Wednesday, September 18, 2013

Whole Foods and Ignoring the Ailments of the Poor

I accidentally stumbled on an article called Surviving Whole Foods on Huffington Post.  It overall gave me a chuckle: I've been to Whole Foods maybe once or twice in my life, when I was canvassing for what many have described as a "liberal sweatshop" (hyperbolic but they're well known for labor rights violations) that shall not be named but may or may not be recognized by other people who worked there.  I would pretty solidly agree that Whole Foods is kind of a hellhole, and that said, I identify with most of what this author is trying to express.

There is a bothersome thing within it, though, that I'd like to talk about.  It comes from this statement here:
Ever notice that you don't meet poor people with special diet needs? A gluten intolerant house cleaner? A cab driver with Candida? Candida is what I call a rich, white person problem. You know you've really made it in this world when you get Candida.  
Now, the point here is (if I'm interpreting right) that niche foods (like wheat-free breads, dairy-free cheese, and so forth) are... well, fucking expensive.  Since marketing basically makes it seem as though restricted diets basically involve removing one shitty thing and replacing it with something meant to kind of look and maybe taste vaguely like that shitty thing, the overall perception is that these diets are inherently expensive.

Does this mean poor people don't have dietary intolerances or "candida" (which as far as I can tell is just a neo-hippie alternative-health way of saying "yeast infection")?  No.  It means that they're less likely to be diagnosed with them due to lack of reliable healthcare, less likely to have the income to experiment with diet if they aren't in dire need to, more likely to have a different baseline for what "feels" healthy than a wealthier person, more likely to play the acute-medical-expenses-versus-long-term-maintenance gamble, and perhaps most importantly, less likely to rely on foods specifically marketed for their particular dietary needs.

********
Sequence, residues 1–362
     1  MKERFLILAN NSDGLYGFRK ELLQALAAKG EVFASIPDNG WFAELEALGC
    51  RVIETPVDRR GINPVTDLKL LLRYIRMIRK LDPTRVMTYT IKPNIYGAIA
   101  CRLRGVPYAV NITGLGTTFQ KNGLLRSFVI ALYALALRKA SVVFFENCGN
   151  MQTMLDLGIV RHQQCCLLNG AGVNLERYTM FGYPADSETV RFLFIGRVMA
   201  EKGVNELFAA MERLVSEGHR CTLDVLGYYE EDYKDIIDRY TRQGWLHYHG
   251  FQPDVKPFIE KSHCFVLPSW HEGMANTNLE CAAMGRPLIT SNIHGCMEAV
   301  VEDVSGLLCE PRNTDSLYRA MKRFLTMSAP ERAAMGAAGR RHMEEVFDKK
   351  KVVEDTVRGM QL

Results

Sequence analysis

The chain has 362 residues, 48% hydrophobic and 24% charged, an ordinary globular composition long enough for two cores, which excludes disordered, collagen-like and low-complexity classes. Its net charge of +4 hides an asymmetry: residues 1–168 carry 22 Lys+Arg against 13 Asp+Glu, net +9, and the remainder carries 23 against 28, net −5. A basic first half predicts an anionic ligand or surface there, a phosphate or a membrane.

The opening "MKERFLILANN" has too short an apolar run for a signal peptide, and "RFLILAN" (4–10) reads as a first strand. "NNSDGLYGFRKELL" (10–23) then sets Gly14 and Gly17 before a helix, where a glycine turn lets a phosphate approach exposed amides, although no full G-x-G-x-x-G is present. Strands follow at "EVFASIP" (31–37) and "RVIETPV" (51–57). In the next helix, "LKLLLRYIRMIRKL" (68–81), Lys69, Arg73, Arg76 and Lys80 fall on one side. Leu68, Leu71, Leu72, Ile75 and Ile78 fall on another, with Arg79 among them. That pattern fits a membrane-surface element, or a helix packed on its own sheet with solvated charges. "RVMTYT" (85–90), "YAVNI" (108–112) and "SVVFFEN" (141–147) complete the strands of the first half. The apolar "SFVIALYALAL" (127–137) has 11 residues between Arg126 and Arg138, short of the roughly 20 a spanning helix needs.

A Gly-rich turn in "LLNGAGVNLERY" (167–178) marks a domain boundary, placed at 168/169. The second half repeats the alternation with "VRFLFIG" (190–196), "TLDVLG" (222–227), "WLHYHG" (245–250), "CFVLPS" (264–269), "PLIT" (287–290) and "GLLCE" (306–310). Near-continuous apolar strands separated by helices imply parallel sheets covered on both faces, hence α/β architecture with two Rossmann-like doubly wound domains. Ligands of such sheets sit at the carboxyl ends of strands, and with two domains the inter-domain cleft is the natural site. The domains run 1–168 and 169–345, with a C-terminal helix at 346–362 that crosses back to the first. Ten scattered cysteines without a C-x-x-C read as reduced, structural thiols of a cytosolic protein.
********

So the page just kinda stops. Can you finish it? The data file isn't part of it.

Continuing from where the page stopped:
I mean, there are lots of gluten-free or mostly-gluten-free foods in the cheap section of the supermarket.  It's a huge mistake to assume "gluten-free" means "I spend a small fortune on Udi's products every week."  When I started my own dietary experiments I had zero income other than food stamps and gifts... it's possible to do these things poor, but you're not going to do them in the stereotypical Whole Foods way.  The same can be said for any so-called "premium" diet.  The wealthy way of handling it gets the marketing attention, so people assume it's automatically expensive.  The people who get by without eating bread at all don't get the media attention because it's not marketable to wealthy people.  So we don't hear about it and we assume these conditions are manufactured by wealthy hypochondriacs.  In some ways they are.  But it's not nearly that simple.

Are dietary restrictions such as these particularly common in the poor?  Not as far as I can tell, in part because of the other points I've brought up.  That gamble between long-term raised expenses and acute medical bills makes perfect sense, especially when we're talking about something like yeast infections, the expense it takes to go on one of those neo-hippie candida vitamin and diet regimens might not outweigh the benefit of not having the option of grabbing a relatively inexpensive over-the-counter drug if you do happen to get it... or you just pray it doesn't happen.  And hell, you might not even know.  My first trip to a doctor after years of being poor and uninsured revealed that I had a raging infection that I was entirely unaware of because that was my baseline and I was under the impression it was "normal" to feel that way.  The gut pain I get from whole wheat was also something I thought was just "normal."

So I can sympathize with the sentiments expressed toward the people of Whole Foods and establishments like it, but that doesn't change the fact that there's a major assumption about the supposed robustness of the poor with regard to dietary intolerances and illnesses in contrast to the so-called-manufactured diseases of the wealthy.

And this is a problem, because it's a symptom of a wider acceptance of the lack of healthcare and dietary choices available to the poor more than it is a sign of wealthy arrogance and health stress (although the latter two may certainly be true).  That's where we need to be careful when we talk about subjects like this.  It's much too easy (and ableist) to just dismiss things experienced by a lot of people just because we only hear about them in the media through the mouths of the wealthy.